Violence Blamed for Many Delays in US Reconstruction Efforts in Iraq

U.S. officials have told Congress U.S. reconstruction efforts in Iraq are being significantly, and expensively, hampered by security concerns. This was among the issues raised as lawmakers grilled administration representatives about what has happened to the millions of U.S. dollars that have been spent in Iraq for reconstruction projects.

Both Democrats and Republicans blasted what they considered a lack of accountability about the huge sums of money in Iraq. Democratic Congressman Tom Lantos said it is important that U.S. and Iraqi funds are not misused, and that reconstruction projects there are successful.

"Unless we show the Iraqi people that their liberation has brought tangible benefits, or at the very least, the restoration of central services to pre-war levels, key factions will continue to side with the insurgents, and not with forces of freedom," said Tom Lantos.

In his testimony to the House committee, USAID's James Kunder acknowledged that, in his words, mistakes have been made. But he blamed what he described as the "violence of the insurgency" as one of the main factors.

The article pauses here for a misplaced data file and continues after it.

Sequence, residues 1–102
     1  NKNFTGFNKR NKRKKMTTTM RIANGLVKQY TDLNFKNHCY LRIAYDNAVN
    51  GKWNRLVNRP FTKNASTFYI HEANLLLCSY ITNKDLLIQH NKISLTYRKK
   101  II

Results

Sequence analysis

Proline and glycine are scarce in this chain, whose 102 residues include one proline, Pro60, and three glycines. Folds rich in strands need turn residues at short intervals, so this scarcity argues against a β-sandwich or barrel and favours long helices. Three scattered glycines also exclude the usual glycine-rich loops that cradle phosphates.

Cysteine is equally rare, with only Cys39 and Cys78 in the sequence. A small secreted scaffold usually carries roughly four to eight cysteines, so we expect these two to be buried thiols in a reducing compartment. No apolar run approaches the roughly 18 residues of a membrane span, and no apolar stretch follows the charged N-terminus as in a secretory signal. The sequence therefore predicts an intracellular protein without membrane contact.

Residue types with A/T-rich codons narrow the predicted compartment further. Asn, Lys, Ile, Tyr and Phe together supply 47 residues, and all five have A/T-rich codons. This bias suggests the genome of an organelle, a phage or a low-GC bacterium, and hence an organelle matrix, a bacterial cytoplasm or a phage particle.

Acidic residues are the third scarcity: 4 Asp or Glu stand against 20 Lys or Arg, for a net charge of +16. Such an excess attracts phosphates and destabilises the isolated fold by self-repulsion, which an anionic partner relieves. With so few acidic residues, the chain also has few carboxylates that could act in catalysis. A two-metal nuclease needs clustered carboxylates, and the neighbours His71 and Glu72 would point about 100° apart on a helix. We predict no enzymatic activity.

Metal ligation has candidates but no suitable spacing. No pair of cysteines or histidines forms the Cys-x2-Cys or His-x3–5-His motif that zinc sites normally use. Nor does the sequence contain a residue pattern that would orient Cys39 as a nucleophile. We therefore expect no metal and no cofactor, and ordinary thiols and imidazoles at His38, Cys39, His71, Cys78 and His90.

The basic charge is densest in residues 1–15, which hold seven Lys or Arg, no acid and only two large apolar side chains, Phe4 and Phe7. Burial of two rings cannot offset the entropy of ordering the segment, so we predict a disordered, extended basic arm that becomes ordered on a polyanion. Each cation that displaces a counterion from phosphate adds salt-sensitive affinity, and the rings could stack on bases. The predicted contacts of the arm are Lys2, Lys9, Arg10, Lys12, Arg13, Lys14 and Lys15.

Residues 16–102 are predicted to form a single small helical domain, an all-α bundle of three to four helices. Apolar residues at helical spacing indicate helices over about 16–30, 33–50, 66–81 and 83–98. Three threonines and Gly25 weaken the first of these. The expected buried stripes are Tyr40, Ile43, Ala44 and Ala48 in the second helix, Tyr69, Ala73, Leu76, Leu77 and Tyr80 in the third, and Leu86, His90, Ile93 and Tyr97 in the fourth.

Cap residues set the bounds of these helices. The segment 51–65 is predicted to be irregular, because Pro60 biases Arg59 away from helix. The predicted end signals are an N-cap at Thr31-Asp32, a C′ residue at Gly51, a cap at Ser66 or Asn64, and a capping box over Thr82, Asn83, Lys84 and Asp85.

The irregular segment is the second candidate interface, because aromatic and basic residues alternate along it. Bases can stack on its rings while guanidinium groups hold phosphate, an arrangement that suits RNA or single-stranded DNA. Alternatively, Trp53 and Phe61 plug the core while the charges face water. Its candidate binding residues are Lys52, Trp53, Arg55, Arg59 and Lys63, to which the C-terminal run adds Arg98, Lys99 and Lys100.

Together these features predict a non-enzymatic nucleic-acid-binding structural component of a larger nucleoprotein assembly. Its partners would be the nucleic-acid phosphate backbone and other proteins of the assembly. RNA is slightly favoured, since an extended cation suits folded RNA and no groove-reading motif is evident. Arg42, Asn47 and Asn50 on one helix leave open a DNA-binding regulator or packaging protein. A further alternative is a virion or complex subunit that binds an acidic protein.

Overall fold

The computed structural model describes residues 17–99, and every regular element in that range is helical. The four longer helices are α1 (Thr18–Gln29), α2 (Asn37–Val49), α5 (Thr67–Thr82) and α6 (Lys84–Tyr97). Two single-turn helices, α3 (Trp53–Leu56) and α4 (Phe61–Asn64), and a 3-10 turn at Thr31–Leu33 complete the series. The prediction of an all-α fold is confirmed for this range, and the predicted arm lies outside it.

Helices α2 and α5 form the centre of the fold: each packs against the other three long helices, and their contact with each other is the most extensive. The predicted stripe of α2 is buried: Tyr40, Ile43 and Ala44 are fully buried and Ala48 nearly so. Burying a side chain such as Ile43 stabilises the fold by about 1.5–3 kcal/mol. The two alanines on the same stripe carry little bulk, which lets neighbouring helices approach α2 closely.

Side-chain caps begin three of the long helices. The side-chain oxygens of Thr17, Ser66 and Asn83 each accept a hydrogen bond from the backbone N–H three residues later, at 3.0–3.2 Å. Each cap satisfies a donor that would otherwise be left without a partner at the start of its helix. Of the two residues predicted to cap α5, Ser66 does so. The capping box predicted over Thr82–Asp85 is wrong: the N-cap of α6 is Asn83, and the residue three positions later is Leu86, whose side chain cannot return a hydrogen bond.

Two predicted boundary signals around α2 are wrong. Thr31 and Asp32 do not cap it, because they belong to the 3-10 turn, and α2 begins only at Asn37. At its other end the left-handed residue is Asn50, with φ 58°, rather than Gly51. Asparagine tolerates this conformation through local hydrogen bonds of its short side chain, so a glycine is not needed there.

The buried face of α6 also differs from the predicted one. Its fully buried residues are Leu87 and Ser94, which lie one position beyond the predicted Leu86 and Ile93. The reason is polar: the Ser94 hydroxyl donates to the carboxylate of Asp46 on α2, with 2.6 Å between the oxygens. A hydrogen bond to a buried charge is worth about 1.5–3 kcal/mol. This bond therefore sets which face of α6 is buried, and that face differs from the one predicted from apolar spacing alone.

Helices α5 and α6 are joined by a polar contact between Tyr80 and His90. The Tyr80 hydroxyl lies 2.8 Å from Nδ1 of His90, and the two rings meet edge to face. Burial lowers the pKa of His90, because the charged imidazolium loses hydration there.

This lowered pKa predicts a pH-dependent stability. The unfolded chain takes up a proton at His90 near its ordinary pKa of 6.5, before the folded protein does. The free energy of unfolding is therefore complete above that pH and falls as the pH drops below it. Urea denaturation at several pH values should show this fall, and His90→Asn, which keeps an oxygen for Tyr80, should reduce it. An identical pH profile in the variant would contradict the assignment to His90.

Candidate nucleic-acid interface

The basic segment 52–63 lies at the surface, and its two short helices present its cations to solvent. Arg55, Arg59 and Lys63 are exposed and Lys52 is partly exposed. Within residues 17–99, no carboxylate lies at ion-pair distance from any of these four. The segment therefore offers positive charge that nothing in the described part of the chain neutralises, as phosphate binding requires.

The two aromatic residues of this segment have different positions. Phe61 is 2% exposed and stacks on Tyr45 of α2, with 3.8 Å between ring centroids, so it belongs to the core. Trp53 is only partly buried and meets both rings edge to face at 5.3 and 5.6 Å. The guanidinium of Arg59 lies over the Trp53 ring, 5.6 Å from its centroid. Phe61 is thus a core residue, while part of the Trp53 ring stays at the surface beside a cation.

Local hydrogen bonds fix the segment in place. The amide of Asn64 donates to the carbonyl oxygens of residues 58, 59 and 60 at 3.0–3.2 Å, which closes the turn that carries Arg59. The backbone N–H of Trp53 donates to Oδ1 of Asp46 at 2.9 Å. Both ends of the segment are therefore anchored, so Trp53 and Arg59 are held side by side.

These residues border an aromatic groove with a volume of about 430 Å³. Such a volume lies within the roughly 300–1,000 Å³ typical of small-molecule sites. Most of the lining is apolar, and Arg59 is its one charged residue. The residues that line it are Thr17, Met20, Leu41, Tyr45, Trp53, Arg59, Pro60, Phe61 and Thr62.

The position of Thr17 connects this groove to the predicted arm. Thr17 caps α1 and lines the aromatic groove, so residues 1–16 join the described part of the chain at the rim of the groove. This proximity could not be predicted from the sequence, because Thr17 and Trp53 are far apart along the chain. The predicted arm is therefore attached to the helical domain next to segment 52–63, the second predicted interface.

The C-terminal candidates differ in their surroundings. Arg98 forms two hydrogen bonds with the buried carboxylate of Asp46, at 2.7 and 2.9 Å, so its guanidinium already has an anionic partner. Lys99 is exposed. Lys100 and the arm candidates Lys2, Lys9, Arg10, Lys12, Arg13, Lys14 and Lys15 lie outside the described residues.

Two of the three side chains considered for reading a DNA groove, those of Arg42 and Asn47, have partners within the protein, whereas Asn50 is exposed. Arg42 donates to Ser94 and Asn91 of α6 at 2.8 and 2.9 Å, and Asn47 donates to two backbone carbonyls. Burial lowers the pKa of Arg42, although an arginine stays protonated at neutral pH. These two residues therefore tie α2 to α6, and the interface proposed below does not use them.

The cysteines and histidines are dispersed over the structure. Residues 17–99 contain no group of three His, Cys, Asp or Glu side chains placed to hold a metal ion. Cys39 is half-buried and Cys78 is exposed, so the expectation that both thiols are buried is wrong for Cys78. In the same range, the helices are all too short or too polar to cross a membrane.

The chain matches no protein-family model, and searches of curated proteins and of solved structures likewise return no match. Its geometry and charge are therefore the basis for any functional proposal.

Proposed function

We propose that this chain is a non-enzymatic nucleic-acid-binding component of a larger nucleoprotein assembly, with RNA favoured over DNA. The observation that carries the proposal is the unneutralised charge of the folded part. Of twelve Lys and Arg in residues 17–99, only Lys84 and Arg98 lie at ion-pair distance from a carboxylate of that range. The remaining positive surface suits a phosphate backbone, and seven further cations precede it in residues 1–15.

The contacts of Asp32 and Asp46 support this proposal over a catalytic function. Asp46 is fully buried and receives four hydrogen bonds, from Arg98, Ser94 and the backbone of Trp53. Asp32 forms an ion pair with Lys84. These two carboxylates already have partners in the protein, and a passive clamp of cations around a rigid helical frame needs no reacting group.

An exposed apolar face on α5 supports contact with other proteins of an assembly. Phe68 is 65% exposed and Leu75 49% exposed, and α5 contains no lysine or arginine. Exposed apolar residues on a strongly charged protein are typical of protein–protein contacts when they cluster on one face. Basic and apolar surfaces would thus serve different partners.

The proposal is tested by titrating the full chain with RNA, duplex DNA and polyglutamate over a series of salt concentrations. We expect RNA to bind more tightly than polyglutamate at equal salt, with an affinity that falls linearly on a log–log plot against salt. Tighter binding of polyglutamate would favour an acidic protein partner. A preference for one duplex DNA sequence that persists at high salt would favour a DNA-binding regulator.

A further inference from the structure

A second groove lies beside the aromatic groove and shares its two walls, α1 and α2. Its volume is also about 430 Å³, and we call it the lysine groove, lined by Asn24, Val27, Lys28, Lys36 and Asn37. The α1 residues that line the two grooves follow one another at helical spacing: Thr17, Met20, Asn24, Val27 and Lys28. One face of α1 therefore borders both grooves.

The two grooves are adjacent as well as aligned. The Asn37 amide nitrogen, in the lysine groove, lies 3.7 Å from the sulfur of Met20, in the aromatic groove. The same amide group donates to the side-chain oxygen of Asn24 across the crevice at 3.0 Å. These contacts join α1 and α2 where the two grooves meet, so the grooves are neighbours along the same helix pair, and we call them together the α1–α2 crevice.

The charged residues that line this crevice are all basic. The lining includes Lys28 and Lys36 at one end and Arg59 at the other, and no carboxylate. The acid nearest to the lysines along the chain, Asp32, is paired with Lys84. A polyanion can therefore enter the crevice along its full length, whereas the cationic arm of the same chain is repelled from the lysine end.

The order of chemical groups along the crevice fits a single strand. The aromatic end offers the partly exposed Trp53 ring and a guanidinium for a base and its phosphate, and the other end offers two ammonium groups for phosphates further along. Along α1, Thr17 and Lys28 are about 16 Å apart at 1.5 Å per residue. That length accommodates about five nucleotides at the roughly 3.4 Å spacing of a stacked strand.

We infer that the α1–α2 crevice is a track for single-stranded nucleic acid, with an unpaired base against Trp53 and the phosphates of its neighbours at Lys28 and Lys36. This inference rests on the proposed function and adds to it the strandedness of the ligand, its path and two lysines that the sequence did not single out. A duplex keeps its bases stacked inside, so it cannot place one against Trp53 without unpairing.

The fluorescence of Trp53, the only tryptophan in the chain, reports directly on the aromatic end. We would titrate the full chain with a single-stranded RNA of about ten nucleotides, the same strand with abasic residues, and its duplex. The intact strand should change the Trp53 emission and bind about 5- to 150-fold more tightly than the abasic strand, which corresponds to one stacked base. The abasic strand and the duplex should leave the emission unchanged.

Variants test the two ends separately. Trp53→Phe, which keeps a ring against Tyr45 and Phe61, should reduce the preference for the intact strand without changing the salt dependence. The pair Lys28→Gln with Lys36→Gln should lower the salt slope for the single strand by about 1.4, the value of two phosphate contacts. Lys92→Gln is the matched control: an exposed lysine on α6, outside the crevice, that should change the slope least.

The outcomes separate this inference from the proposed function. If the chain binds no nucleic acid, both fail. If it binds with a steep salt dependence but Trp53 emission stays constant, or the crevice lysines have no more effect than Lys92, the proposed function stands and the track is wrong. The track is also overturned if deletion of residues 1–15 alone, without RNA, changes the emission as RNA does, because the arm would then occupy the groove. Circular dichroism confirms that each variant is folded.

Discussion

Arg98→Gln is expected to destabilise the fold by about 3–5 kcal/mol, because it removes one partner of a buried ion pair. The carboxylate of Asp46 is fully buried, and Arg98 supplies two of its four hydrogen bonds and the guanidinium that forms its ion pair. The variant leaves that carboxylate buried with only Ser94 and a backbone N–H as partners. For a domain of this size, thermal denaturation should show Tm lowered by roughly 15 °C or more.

"As I've reported to the committee in the past, somewhere between 16 and 22 percent, depending on the program, of the reconstruction dollars are going in to security, paying for armed guards so we can conduct immunization programs for children, and so forth," said James Kunder.

At the same time, he said there are smaller-scale success stories that are taking place behind the scenes, such as efforts to improve Iraq's agricultural sector.

"One of the impediments, we discovered, to rebuilding that agricultural economy is [that there is] simply no infrastructure left to restore farm implements, to repair farm implements," he said. "So, U.S. taxpayer dollars have gone to create 14 tractor repair workshops around the country, where we're repairing thousands of pieces of agriculture equipment that had gone to rust and weren't working."

Meanwhile, the special inspector general in Iraq, Stuart Bowen, testified that his office has been involved in what he described as "aggressive oversight" of U.S. government projects in Iraq.

"They've completed 42 inspections, and 97 limited reviews," said Stuart Bowen. "And we've also been using overhead imagery to look at project sites that no one can get to, to make some assessment of how they're doing. And we've done 112 of those, with benefits, through engineering suggestions, that have been in the tens of millions of dollars."

Bowen added that there have been five arrests and two convictions, of individuals involved in fradulent use of U.S. funds in Iraq. He added that 20 more cases have been referred to the Department of Justice.

The congressionally mandated office of the special inspector general in Iraq was set up nearly two years ago.

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